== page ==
Written by Jessica King
A visit to Alex Lockwood’s website will reveal two things: he is an exceptionally talented and innovative artist dedicated to turning trash into interactive treasure, and he is an artist living and working in Nashville.
That’s it. To find out more about the man behind the masks, Eyes and Ears talked to Lockwood about shotgun shells, uptight adults and where he gets all those tickets.
After living and working in New York for 15 years, Lockwood became interested in art through photography. Unsatisfied with the pictures he was taking, he began collecting material along the way, discovering and developing his penchant for working with what he had.
“It all happened really naturally, and once I started doing it, it was a necessary part of my life,” Lockwood said.
The biggest work Lockwood has completed to date is a shotgun shell tapestry, which he made in Nashville at OzArts in February that currently hangs in Seattle. Measuring 28×17 feet, it uses over 16,000 used shotgun shells and glitters at night in the window it hangs in, serving as an intriguing and unexpected nighttime sight. While the tapestry does not invite interaction, most of Lockwood’s recent work is centered on the beauty in kinetic art, and his series runs from bread tab shirts to lottery ticket seashells.
“All my work is pretty indestructible, and I get to watch people I know interact with my work. It’s a blast seeing people get dressed up in my art,” Lockwood said.
Lockwood appreciates the universal response to pieces of artwork made with unconventional materials, and describes it in stages.
“Even when I was making work that you couldn’t [interact] with, there is something that happens a lot. People notice the shapes and colors, are drawn to it, and then there is a moment of recognition, when someone realizes what it is made of,” Lockwood said.
The natural response to art changes when the work becomes interactive, as viewers warm up to the idea of art they can touch.
“With kinetic work….[there is] the realization that ‘I can make this thing move loudly and forcefully.’ One part of kinetic work is it is an extension of the viewers’ experience,” Lockwood said.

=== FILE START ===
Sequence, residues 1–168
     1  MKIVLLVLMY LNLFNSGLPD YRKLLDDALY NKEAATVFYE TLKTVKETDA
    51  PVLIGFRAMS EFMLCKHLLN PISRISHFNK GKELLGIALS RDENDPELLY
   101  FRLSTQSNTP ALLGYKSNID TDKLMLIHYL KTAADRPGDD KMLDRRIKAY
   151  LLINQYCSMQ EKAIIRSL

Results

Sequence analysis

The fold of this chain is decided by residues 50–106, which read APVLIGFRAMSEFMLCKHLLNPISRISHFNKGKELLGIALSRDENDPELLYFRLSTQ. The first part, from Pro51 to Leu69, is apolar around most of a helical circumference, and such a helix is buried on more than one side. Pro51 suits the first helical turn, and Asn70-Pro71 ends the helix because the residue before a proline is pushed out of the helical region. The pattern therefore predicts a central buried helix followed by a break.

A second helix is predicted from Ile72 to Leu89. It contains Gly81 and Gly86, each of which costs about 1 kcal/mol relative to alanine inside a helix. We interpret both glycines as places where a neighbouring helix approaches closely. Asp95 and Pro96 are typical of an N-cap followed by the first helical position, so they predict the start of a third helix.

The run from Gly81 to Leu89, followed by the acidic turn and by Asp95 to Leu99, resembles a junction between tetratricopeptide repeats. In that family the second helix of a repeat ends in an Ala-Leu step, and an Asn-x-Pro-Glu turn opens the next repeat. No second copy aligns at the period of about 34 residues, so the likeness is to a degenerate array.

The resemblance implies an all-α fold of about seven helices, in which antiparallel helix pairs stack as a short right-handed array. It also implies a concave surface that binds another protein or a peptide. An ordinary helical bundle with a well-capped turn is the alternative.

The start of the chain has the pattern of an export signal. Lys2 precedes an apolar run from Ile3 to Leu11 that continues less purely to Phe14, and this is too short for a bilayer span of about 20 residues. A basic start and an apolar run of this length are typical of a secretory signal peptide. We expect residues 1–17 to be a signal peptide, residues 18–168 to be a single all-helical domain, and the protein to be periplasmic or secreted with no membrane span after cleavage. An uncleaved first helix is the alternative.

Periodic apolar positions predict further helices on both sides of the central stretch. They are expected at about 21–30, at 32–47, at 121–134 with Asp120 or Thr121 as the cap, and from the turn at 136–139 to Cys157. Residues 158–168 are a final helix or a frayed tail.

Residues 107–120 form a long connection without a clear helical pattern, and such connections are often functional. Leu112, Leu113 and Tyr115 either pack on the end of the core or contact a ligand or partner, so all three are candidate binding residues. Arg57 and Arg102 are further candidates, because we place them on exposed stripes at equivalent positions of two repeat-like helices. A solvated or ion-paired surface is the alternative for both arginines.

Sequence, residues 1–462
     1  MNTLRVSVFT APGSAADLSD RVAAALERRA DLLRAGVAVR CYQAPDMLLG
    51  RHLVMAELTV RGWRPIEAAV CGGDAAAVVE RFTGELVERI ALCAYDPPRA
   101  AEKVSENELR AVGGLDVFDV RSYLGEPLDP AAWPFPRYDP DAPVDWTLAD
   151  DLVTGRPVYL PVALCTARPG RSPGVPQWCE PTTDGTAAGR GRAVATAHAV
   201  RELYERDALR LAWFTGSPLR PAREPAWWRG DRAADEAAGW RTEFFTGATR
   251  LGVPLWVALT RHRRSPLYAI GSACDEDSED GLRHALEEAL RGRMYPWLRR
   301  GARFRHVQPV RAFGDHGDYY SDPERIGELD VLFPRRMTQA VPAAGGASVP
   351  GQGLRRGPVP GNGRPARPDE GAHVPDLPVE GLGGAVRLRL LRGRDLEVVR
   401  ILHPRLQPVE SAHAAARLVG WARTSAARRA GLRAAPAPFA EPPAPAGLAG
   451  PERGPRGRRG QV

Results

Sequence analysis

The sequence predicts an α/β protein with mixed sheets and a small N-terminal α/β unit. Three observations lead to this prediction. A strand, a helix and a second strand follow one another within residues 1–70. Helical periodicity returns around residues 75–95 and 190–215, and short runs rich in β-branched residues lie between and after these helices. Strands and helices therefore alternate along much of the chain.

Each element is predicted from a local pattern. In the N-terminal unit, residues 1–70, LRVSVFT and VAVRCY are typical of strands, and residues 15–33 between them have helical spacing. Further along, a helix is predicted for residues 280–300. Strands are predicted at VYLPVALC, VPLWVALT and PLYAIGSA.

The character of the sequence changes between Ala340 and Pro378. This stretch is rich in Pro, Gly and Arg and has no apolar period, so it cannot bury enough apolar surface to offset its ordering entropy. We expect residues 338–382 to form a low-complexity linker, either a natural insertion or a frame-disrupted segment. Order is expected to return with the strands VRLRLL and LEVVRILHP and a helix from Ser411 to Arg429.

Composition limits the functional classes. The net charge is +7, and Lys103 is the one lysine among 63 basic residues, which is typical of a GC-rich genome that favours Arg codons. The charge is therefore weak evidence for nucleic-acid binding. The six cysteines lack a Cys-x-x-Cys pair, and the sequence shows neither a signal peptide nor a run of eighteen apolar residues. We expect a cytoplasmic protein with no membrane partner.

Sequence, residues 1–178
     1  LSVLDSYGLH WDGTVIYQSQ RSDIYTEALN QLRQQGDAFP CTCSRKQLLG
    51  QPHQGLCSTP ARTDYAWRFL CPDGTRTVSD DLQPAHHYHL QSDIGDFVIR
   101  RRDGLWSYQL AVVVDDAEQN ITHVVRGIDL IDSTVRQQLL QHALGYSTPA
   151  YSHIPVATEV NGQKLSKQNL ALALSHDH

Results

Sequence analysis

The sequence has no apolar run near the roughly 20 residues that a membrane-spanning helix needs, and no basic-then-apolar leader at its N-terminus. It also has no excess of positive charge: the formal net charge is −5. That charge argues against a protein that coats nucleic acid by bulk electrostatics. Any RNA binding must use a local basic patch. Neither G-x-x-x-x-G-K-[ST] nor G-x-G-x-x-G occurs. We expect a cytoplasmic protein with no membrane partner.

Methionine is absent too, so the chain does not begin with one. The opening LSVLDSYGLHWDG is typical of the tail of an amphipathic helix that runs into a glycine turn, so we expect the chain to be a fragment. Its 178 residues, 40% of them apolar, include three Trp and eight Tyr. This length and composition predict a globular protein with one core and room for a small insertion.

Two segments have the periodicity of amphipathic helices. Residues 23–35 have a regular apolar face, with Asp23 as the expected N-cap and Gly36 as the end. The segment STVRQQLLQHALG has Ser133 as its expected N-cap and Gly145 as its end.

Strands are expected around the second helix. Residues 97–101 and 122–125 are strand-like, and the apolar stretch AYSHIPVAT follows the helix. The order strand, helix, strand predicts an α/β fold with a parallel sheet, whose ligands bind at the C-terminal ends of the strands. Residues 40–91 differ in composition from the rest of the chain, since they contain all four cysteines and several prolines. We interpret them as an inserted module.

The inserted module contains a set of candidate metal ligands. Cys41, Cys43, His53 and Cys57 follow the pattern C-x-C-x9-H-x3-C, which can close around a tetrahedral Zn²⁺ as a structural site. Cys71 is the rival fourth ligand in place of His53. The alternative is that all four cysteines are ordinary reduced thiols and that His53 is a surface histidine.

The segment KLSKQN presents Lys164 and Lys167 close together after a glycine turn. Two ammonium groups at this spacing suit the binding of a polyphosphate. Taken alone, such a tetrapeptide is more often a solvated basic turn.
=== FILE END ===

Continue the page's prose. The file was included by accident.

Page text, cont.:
Lockwood moved to Nashville four years ago with his wife, and they have since had two children. Partially inspired by children’s reactions to art, Lockwood is showing how fun art can be.
“Having young kids, I noticed how sad it is for them to go to an art gallery, and how happy they are when they are told they can do whatever they want with the art. It’s a kid’s favorite art show,” Lockwood said.
Lockwood believes kids’ ability help to adults break down their self-imposed barriers between themselves and the art in galleries has potential to change the way people can experience art.
“It’s nice that kids are less afraid to approach them, because they haven’t been told as many times how careful they should be. It takes adults seeing how kids are around the artwork for them to interact with it,” Lockwood said.
Part of the interest inherent in Lockwood’s work is that repurposed materials had value in a different way before their second chance at life as art. Nowhere is this concept more thought provoking than in his lottery ticket pieces, made with scratched tickets. They lose their staggering monetary value the moment they are played, only to be discarded or collected by people like Lockwood.
“I like working with material that has history to it. Any repurposed material has a history. The inherent history in lottery tickets is interesting. They represent a combination of hope and desire and need, and on the other side, loss and wasted money,” Lockwood said. “The most recent lottery pieces I did, ‘Shells and Seaforms,’ are each made with 1,000 tickets that cost $20. Each one of those represents $20,000 in wasted money,” Lockwood said.
By using trashed lottery tickets for some of his works, like his “Lottery Snakes” series, which Lockwood buys from collectors in bulk for a few cents per ticket, Lockwood is not only reusing an otherwise useless material, but making a socially conscious statement on the history and controversial proliferation of ticket sales.
“Every state uses some percentage of lottery purchases to fund something, usually public education. The lottery tickets are always bought in lower income neighborhoods, and it is taking money from people who need it. It’s a strange concept of taxing the poor to fund the education…The odds are so terrible that it’s cruel to make it so easy to make that choice,” Lockwood said.
The lottery tickets and other materials Lockwood transforms were designed at one point to catch the eye and bait buyers and these cheaply made, attractive and durable objects are manufactured more now than ever before, giving new meaning to the modern art concept of the readymade and allowing innovators like Lockwood to make new from the old.
“Art like this is possible now. 75 years ago, we weren’t making billions of pieces of plastic that were just lying around for free, waiting to go to a landfill. Now, people have an eye for it and are working with unconventional material. It is a great, physically strong palette that is very exciting to work with,” Lockwood said.
Lockwood has just wrapped up an art show in Seattle, and Nashville’s next opportunity to interact with Lockwood’s art will be in November at a show at Lipscomb University, which will feature Lockwood’s new series of work, “Dot Stories.”